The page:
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Top Tips For Guiding A Visually Impaired Person

By Harriet Smith


1. Walk at their side and at the same pace as the visually impaired (VI) person, so that both you and your guide are comfortable. Let them take your elbow so that they are walking slightly behind the guide.

2. Let them know in good time about imminent overhanging obstacles, particularly things like tree branches that might be overhead. Keep your eyes peeled for other hazards that may be at ground or shoulder level too.

3. Describe the scenery and environment you are walking through in as much detail as you can. Describe such elements as the textures and colours of objects, the buildings you can see around you and other points of interest. Paint a picture with your words.

4. This might seem obvious – but don't use non-verbal communication such as nodding or pointing when interacting with the VI person! No matter how much you flap your arms they won't be able to acknowledge it.

5. Use normal language when talking. Don’t try too hard to avoid vision-centric language like looks, see and read, as it’s pervasive in all of our vocabularies, so a VI shouldn’t get offended. Wouldn’t it sound strange if a sighted person said "hear you later"!

6. If you are going to leave a VI person for any period of time, tell them you are going and make sure they know where they are and which direction they are facing before you go. For extra assurance you can place their hand on a solid object if you like – it helps to nurture a sense of grounding and connection to the physical world.

7. When guiding a VI person to a chair, place their hand on the back of the chair and let them orientate their own way round it. Chairs are easy, so don’t over-mollycoddle!

8. When approaching steps, tell the VI person if they are going up or down. If there is a rail communicate this to them and either place their hand on it or tell them if it is on their left or right so they can do it for themself.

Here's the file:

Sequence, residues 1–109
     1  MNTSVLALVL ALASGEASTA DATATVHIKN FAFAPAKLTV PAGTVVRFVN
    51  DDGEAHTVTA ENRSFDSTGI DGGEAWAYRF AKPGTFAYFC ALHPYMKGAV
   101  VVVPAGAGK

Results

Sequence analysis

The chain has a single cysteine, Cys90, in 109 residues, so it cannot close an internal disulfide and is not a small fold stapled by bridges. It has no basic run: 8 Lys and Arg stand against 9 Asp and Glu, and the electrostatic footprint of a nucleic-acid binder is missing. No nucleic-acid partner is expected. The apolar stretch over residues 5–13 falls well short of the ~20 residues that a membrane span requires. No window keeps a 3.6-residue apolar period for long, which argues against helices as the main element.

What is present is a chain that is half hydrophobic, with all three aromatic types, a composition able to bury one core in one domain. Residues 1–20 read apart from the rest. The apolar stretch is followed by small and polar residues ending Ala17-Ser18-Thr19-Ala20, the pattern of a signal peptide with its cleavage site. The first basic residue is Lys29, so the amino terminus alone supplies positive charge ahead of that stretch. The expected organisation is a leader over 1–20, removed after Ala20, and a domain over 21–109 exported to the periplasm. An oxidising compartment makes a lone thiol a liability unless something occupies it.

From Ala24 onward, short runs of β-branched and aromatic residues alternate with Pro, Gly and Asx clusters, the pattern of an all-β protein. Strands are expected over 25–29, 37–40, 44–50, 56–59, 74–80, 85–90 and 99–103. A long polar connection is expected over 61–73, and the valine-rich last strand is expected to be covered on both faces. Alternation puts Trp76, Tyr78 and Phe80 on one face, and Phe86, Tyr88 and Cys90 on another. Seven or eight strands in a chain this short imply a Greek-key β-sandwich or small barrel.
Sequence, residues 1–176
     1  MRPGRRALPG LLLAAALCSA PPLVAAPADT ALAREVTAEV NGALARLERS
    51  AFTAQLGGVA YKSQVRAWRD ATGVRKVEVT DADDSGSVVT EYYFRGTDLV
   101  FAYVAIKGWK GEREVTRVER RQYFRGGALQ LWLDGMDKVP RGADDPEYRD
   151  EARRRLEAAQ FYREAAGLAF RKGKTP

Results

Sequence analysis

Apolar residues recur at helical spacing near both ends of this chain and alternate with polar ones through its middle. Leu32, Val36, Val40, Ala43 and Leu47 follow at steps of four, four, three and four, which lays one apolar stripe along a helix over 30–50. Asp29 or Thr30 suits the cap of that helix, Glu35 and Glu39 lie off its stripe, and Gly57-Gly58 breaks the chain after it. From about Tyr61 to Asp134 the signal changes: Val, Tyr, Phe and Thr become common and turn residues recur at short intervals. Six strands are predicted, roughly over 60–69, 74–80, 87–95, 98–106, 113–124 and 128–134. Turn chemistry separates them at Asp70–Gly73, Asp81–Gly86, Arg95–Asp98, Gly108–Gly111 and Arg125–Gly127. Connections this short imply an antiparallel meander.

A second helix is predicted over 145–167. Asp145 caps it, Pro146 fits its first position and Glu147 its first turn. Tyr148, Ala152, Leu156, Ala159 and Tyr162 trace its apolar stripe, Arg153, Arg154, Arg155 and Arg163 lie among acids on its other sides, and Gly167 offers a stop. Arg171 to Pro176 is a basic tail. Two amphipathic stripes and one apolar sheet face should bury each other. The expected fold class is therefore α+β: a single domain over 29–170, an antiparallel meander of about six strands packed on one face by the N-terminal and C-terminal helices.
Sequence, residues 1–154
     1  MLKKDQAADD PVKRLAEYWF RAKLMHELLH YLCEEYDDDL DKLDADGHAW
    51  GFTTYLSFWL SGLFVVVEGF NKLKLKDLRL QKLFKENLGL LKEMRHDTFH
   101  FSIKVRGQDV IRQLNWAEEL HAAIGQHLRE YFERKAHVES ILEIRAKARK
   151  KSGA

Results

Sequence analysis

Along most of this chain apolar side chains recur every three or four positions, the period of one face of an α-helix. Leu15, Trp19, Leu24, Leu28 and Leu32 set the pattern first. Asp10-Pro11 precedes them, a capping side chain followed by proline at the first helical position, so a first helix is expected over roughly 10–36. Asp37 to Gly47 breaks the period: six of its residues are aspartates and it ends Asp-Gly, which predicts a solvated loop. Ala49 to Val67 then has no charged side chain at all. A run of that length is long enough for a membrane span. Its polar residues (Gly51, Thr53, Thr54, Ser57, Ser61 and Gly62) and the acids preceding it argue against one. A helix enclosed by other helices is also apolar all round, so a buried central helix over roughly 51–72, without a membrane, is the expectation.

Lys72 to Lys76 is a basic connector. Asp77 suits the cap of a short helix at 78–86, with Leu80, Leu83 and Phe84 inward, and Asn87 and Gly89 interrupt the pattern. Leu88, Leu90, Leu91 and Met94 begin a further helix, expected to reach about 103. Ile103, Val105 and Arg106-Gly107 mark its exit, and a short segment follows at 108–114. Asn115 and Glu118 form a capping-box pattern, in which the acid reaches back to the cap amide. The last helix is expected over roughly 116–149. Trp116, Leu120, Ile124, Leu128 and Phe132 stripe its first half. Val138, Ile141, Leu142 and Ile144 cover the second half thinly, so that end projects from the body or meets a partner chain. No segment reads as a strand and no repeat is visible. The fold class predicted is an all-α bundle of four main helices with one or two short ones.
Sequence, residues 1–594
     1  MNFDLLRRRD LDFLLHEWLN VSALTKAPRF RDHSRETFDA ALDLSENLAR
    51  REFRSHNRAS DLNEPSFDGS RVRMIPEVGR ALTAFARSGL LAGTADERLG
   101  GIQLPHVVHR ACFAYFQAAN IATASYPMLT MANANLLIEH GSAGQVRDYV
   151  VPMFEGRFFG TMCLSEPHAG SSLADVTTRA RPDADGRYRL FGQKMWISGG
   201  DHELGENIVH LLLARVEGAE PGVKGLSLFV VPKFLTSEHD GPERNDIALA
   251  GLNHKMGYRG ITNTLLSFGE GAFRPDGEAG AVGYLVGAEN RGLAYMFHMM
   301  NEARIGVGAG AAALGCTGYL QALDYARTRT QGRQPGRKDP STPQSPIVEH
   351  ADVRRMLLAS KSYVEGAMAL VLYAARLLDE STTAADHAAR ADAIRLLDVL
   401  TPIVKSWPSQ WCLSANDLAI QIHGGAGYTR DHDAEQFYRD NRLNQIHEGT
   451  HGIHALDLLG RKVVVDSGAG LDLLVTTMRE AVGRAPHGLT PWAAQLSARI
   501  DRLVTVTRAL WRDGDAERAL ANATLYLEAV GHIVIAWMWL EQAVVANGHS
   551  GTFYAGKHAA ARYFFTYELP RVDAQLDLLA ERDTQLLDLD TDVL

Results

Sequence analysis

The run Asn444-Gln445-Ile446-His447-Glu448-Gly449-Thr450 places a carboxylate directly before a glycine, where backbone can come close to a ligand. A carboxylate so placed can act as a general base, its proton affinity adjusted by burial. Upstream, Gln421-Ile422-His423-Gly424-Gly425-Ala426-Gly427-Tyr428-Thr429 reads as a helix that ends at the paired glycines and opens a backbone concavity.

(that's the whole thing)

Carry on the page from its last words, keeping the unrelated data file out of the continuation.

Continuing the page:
9. If in a large group of people, let the VI person know who is around them so that they have an idea of who they might like to chat to. This is important because it can be daunting entering a crowded room, especially if there is loud music. We all like to pick and choose our social interactions, but for VI people this can be a challenge – if you don’t want to get stuck chatting to your least favourite co-worker, then neither does a VI person!

10. When guiding a VI person through a door or narrow space, let them know whether the door is facing inwards or outwards. Drop your arm slightly so that they can go behind you through the door.

11. Most importantly: treat the VI person how you would like to be treated and focus on their other qualities rather than the visual impairment. Enjoy yourself and have fun exploring the world together!

Of course everyone has their own guiding preferences, but I hope these tips have given you some useful insight into some of the more practical aspects. With a great guide by their side, there are no limits as to what a VI person is capable of achieving – including climbing any mountain or anything else they put their mind to!

The charity Edward has chosen to fundraise for during his challenge is RNIB. If you'd like to donate, please visit his JustGiving page at the link below. I’ve also linked the Instagram page where there will be regular updates on the mission and livestreaming during the 72 hours. Thank you, and good luck Edward and Eimear!


Instagram: @blackout_blindfold